Wednesday, September 30, 2015

"How Litte We Know" by Terry Gardner

“How Little We Know”
 Terry Gardner

   In 1899 David Lipscomb wrote about “The Bible and Evolution” and “The Bible and Geology,” topics that Lipscomb had “studied . . . in my younger days.” Lipscomb was disinclined to accept the view that the “day” of Genesis 1 “was an indefinite length of time,” thinking that it was an “ordinary day of twenty-four hours.” Yet, Lipscomb hastened to add, “We have not felt sure about this, but the style naturally suggests the common day.”  The plain text of Genesis seemed to suggest that a “day” was a twenty-four hour day, but Lipscomb could not be “sure” about the matter.
   A few weeks later Lipscomb published a letter from Samuel Jordan.  Jordan conceded the possibility that the author of Genesis 1 had twenty-four hour days in mind, but Jordan pointed out that “the first three days of creation lacked the phenomena that are so essential to our twenty-four-hour periods, sun and stars.”  As Jordan regarded “these periods,” he concluded, Lipscomb’s “thoughts seem to be correct and, of course, beautiful, because unanswerable; but to think of the six-days’ creation as six days of twenty-four hours each, your thoughts are remarkable, geology as taught decidedly wrong, and the Bible language forced to imply miracles needlessly.”
   “It has not been my purpose,” Lipscomb replied, “to present or discuss any theory of geology or of creation, but to present the truth that there is no discrepancy between the facts of geology that are regarded as established and the teachings of the Bible.  As I have said heretofore, my study of the facts and the theories date back from twenty-five to fifty years ago.  I have not kept abreast of the investigations of late years, save in their general theories.  I have held doubtful the idea of the day of Genesis one being a long period of time, but I have not formed a very fixed judgment on the subject.  I have long cultivated the habit of holding doubtful questions in doubt—not forcing a conclusion—for years.  The theory would readily solve all difficulties on the subject; but while the Bible does not forbid such a construction, does it suggest it, with our present knowledge of the structure of the earth?  If not, I hesitate and wait.  I do not wish to force a statement of the Bible.  What I wished was to suggest that men of science often put forth crude conjecture as scientific truth; and believers in the Bible frequently form their ideas more from popular sentiment than from Bible teaching, even on common subjects, and, from failure to observe, oppose the simple statements of the Bible.  Between the two antagonism is presented, where, with regard for the true teaching of science and the Bible, they would be found to harmonize and sustain each other.  We recognize the positions of our brother as in not contradicting the Bible, and, if true, fully removing all difficulties on the subject.”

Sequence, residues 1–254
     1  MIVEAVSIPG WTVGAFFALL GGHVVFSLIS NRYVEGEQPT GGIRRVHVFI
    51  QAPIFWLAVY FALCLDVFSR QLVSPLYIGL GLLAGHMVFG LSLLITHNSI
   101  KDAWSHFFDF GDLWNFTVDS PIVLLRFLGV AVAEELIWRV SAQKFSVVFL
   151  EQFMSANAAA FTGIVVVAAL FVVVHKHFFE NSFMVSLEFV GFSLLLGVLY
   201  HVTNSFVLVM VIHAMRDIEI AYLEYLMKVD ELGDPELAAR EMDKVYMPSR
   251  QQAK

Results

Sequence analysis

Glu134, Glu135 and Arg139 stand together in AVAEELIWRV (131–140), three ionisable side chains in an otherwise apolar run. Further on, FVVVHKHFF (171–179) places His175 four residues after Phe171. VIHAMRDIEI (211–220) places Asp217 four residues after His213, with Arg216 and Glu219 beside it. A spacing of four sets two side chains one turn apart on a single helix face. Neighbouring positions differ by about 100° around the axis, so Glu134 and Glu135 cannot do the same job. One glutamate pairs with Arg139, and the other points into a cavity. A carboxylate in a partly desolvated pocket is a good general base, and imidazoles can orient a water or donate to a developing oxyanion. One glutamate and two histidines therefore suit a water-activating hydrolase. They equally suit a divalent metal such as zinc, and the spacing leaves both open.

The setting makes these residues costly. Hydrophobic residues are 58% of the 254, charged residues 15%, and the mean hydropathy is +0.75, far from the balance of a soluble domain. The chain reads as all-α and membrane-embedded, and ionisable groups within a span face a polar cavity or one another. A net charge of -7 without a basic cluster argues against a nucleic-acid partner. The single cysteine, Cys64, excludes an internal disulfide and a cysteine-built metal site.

No one knows everything.  Lipscomb knew enough to know that surely he was not an expert in all areas and candidly admitted it.  His statement, “I have long cultivated the habit of holding doubtful questions in doubt—not forcing a conclusion—for years,” is remarkable.  We live in a world of increasingly shrill argument. We hear “authorities” and “activists” from all sides of every spectrum speaking and acting as if they know everything. Lipscomb did not know everything, as surely as no one of us knows all.  I don’t even know all the questions anymore, much less all the answers.
   The letter of James reminds us that we “know … everyone must be quick to hear, slow to speak and slow to anger; for the anger of man does not achieve the righteousness of God” (James 1:19-20).  People become violently angry about things posted on the internet (especially on Facebook) and respond with ill-tempered wrath.  Often they are responding to things that are patently false and sharing them with others as fact.  We shall do well always to restrain our anger and, like Lipscomb, keep from forcing a conclusion for years, if necessary.
   Many years ago, I was working for Procter & Gamble when a rumor got started that the company had been purchased by the Reverend Sun Myung Moon and as proof the corporate symbol of a man in the moon and thirteen stars was cited.  Later, the rumor changed, claiming that Mr. Gamble (who had been dead for 100 years) had prayed to God for healing and when that did not happen he prayed to the Devil, was healed and now gave 10 per cent of the profits of the Company to the Devil.  Again, people cited the man in the moon symbol, arguing that if you held the logo up to a mirror (and looked at it backwards) three strands of the moonman’s beard made the number 666. Both rumors were, of course, false and misleading.  Many “Christian” people spread these rumors until the company began suing the most vocal propagandists and removed the man in moon from the company’s packaging. Among those who peddled these rumors were people whose business enterprises competed with Procter & Gamble.
   “For every careless word that people speak,” Jesus tells us, “they shall account for it in the day of judgment.”  I enjoy the internet and Facebook, but I suggest a little less Facebook and a lot more of God’s Word will do us all a world of good.  Every day I must remind myself that I don’t know everything.

Thursday, September 24, 2015

Love Each Other by Steve Faidley